UNC's Kendall Marshall (5) and John Henson leave the court following their 76-69 loss to Kentucky. ROBERT WILLETT - firstname.lastname@example.org
updated 9:20 p.m.
NEWARK, N.J. -- All season long, North Carolina coach Roy Williams warned that eventually, star freshman Harrison Barnes would miss a clutch shot.
Sunday, in the most frenetic and pressure-packed of circumstances at the Prudential Center, he missed two.
With the ultimate comeback on the line – a trip to the NCAA Final Four, after a failure to even make the field last March – Barnes-led UNC came back from an 11-point deficit against Kentucky only to lose 76-69 when Wildcats guard DeAndre Liggins made a big 3-pointer, while Barnes and point guard Kendall Marshall failed to make four shots in the final 62 seconds.
The fourth-seeded Wildcats (29-8) advanced to play third-seeded Connecticut in the national semifinals Saturday in Houston. The second-seeded Tar Heels (29-8), who won a school record eight games by three or fewer points, are left wondering what might have been if they could have done it again.
“This is not a moral victory,’’ said a teary-eyed Barnes, who finished with 18 points on 7-for-19 shooting. “ From not getting to the NCAA tournament [last season] to work to get this far – it’s sad that we end our season on unfilled potential.”
The Tar Heels trailed by as much as 47-36 with 16:03 left, after starting forward John Henson (four points, nine rebounds) picked up his fourth foul – giving Kentucky a 3-point play. It marked the first time this season that Henson, left to fidget on the bench for most of the first half, had ever picked up more than three fouls. The ACC Defensive Player of the Year’s presence was missed, as he finished with zero blocks and only one offensive rebound.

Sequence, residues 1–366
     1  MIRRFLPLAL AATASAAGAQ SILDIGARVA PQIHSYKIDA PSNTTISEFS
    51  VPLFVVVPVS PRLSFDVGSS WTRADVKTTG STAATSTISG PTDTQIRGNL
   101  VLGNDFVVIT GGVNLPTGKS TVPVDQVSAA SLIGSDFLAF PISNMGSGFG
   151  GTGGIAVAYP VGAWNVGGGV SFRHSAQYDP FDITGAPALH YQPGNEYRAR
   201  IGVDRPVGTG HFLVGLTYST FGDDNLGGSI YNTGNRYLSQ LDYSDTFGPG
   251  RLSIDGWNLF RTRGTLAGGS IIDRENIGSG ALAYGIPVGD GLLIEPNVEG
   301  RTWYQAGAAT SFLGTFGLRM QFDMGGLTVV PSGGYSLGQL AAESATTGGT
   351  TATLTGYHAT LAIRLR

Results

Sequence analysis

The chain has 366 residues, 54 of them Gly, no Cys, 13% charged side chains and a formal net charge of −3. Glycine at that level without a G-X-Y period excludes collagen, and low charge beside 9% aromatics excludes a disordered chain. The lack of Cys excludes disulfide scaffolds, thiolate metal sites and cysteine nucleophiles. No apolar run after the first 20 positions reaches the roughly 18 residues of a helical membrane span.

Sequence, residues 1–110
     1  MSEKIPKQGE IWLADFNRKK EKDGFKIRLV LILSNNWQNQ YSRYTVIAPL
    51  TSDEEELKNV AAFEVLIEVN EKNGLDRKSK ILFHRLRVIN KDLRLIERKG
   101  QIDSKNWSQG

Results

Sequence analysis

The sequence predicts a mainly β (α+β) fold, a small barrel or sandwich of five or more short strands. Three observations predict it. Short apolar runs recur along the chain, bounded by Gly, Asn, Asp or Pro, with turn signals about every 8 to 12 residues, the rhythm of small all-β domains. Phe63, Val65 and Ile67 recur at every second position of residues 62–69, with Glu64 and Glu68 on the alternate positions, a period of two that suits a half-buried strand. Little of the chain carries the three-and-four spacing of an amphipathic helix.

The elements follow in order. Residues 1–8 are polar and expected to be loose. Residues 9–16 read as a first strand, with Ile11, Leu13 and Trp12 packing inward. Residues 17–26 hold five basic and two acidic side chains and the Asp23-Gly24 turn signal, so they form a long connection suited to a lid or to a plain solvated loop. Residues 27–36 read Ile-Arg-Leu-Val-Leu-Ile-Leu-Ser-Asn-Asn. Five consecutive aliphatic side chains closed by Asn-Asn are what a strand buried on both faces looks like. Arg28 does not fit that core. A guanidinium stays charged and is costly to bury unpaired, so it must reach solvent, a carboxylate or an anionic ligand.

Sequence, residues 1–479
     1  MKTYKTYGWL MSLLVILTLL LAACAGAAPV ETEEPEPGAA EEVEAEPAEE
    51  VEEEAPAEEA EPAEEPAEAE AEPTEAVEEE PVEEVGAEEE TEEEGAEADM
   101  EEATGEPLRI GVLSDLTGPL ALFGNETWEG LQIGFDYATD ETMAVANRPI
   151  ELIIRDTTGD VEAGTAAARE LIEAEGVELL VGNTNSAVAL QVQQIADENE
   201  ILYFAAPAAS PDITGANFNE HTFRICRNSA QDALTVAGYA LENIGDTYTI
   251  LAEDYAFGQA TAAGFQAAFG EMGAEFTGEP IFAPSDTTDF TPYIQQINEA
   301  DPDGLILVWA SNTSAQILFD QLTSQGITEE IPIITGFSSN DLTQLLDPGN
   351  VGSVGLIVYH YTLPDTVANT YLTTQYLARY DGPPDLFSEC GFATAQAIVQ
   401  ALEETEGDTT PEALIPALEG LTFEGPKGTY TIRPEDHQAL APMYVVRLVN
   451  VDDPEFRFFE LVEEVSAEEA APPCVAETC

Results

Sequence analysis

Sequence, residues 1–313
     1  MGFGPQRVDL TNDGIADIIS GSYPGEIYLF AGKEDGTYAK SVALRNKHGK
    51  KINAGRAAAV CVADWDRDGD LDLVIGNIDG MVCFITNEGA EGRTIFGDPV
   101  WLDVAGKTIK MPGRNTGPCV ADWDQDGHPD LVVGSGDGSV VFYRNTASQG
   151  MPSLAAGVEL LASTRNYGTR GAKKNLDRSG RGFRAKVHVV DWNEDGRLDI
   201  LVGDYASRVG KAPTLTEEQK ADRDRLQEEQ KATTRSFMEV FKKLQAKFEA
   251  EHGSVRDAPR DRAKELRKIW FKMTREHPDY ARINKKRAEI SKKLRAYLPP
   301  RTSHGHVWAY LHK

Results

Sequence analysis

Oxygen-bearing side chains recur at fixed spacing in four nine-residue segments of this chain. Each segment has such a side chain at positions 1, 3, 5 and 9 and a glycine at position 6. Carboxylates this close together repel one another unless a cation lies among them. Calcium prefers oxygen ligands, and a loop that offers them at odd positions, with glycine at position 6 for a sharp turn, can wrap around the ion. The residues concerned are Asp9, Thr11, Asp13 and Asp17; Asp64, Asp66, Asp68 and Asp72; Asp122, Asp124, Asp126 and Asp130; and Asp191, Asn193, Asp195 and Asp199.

“I made some silly plays at the beginning of the game, and I never could get ahead of the foul count,’’ Henson said. “It was just a bad, bad game for me, overall.”
Even so, he was back on the floor when UNC made a familiar-looking rally.
The Wildcats were leading 65-57 when Barnes countered by out-scoring UK 8-2 all on his own – with a 3-pointer, a 3-point play and a shot in the lane. That cut UNC’s deficit to 67-65 with 4:19 left.
About a minute later, Tar Heels forward Tyler Zeller (21 points, 9 rebounds) knotted the score 67-67 with two free throws.
“Z made some big plays, Harrison made some big plays – and all we needed was one shot to fall,’’ Henson said.
But after Zeller followed Kentucky guard Brandon Knights’ 3-pointer with a tip-in, Liggins blocked Marshall’s driving layup – then hit a corner 3-pointer (photo right) at the other end of the floor to give UK a 73-69 cushion with 37 seconds left.
“There was a wide-open driving lane, and Liggins made a great play,’’ said Marshall, who had 7 points and 8 assists. “That 3 he hit was a back-breaker.”
But not for Barnes, not then. The freshman – who had made two game-winning shots, and four other go-ahead buckets in the final five minutes of games this season – had one thought: “provide that spark.”
But he missed two contested 3-pointers, bookending two free throws from Knight.
“On the first shot, there was some contact,’’ Barnes said. “I asked the ref about it, he said he didn’t see it; that’s human error. It happens. The second one, I tried to draw a little bit of contact; he might have clipped me a little bit, but I should have made the shot.”
Marshall missed the final bucket of the game, a 3-pointer with three seconds left that wouldn’t have made much of a difference.
The Wildcats, led by 22 points from Knight, shot 48.2 and made 12 of 22 3-pointers.
UNC -- the team that had rallied together off the court as much as on it, after losing multiple players to transfers and injury -- made 50 percent of its shots in the second half. Just not when it needed them the most.
“I just tried to provide that boost,’’ said Barnes, whose fans will likely now start to ponder whether he’ll decide to make another comeback – to Chapel Hill, for his sophomore season – in the coming weeks. “And unfortunately, it wasn’t enough to put our team over the edge at the end of the season.”